Asian American entrepreneurs like Liu do not see their online stores as a withdrawal from the business of small, neighborhood stores, but rather from traditional big chains whose “ethnic” aisles are seen as archaic and unable to meet the needs of the consumer. fastest growing racial group in the United States

By putting these needs at the center of their business model, Weee! currently serves hundreds of thousands of customers, offering local delivery of fresh produce, meat and seafood to more than 20 metro markets. Over 2,500 shelf-stable products are available for national shipment. The online grocer has fulfilled more than 10 million orders and plans to expand its number of categories and ethnic foods and will serve the Canadian market in the future.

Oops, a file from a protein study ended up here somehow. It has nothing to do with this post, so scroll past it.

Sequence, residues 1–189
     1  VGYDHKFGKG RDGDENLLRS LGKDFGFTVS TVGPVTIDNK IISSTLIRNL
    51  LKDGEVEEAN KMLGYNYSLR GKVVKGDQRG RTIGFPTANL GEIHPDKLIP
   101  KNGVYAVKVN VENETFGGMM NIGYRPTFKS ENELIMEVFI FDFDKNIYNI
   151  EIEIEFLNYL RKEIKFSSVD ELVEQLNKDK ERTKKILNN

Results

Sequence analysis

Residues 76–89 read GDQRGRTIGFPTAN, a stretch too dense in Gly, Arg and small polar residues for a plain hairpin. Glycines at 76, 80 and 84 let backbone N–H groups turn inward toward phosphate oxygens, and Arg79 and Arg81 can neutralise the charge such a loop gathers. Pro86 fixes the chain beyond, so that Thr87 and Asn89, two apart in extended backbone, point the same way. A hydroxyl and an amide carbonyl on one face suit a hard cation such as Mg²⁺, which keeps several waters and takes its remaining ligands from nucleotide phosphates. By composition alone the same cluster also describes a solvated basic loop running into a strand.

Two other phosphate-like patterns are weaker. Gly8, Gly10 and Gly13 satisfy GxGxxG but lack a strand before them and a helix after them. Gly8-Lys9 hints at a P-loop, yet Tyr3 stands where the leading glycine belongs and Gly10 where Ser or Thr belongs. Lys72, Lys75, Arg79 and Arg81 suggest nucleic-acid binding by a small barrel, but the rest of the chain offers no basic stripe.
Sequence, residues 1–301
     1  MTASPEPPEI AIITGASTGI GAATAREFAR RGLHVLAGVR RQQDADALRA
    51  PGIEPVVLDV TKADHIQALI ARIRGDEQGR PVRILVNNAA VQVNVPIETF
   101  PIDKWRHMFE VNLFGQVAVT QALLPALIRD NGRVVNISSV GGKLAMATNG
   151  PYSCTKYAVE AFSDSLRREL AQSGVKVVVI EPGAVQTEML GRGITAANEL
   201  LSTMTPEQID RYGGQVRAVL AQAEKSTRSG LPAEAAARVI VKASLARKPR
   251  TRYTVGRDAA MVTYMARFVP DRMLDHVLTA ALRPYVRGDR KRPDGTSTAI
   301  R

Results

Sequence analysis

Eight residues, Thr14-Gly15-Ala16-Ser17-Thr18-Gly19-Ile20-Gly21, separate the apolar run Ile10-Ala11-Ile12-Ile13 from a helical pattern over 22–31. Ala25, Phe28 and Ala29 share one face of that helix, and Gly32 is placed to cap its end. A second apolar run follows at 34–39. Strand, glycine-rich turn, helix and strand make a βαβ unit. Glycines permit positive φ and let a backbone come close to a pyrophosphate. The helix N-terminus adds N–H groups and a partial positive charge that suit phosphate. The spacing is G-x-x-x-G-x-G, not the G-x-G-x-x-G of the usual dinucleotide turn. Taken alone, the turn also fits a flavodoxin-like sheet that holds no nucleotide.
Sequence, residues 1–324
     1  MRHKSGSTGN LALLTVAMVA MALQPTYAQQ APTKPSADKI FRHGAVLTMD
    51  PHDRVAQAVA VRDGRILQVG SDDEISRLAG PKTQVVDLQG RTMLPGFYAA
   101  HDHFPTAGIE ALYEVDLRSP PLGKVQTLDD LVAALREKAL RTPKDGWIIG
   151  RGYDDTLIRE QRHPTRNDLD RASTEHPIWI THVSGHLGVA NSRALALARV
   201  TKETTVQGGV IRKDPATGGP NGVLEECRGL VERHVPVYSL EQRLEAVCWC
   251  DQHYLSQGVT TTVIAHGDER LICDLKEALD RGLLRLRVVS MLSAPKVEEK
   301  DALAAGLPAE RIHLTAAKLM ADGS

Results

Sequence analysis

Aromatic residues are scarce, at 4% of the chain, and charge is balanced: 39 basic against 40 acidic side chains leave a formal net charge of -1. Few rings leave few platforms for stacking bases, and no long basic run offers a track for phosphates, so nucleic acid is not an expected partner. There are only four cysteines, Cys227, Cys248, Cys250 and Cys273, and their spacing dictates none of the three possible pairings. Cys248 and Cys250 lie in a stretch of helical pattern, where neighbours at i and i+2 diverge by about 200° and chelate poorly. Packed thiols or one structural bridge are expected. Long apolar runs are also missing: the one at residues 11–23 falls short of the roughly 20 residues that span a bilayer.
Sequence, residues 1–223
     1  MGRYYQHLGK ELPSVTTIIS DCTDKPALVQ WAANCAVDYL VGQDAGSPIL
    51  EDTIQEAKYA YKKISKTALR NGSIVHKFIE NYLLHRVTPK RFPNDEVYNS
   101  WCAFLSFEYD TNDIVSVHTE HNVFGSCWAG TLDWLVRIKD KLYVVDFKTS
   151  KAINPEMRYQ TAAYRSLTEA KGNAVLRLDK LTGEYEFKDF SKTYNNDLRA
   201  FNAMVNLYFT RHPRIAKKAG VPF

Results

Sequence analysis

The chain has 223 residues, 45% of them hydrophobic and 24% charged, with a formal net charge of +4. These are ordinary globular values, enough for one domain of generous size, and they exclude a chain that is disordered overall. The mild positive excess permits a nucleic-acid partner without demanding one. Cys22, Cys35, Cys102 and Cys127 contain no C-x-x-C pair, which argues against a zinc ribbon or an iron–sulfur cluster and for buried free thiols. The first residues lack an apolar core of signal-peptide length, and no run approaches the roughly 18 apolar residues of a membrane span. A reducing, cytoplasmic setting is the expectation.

Liu, CEO of the company, said customers are grateful when they realize they can order their favorite China White Rabbit Creamy Candy or Maharlika Food’s Filipino-style flat fish balls that connect them to their culture from the online grocer.

“Food is more than just a chore or a source of energy – it should be exciting, it should be shared with friends and family, and it is closely linked to our identity and cultural background,” Liu said. “I believe what we have in mind will be the future of food.”